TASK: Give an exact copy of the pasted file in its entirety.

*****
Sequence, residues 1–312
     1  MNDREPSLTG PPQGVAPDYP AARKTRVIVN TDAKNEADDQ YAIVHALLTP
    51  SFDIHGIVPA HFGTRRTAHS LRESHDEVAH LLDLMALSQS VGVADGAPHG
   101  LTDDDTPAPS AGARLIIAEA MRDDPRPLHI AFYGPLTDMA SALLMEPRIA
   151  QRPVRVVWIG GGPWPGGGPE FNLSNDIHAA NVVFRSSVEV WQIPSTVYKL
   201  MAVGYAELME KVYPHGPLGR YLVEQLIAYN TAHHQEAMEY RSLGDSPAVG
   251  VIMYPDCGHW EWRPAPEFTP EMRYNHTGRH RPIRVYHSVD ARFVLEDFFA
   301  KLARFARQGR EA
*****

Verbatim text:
Sequence, residues 1–312
     1  MNDREPSLTG PPQGVAPDYP AARKTRVIVN TDAKNEADDQ YAIVHALLTP
    51  SFDIHGIVPA HFGTRRTAHS LRESHDEVAH LLDLMALSQS VGVADGAPHG
   101  LTDDDTPAPS AGARLIIAEA MRDDPRPLHI AFYGPLTDMA SALLMEPRIA
   151  QRPVRVVWIG GGPWPGGGPE FNLSNDIHAA NVVFRSSVEV WQIPSTVYKL
   201  MAVGYAELME KVYPHGPLGR YLVEQLIAYN TAHHQEAMEY RSLGDSPAVG
   251  VIMYPDCGHW EWRPAPEFTP EMRYNHTGRH RPIRVYHSVD ARFVLEDFFA
   301  KLARFARQGR EA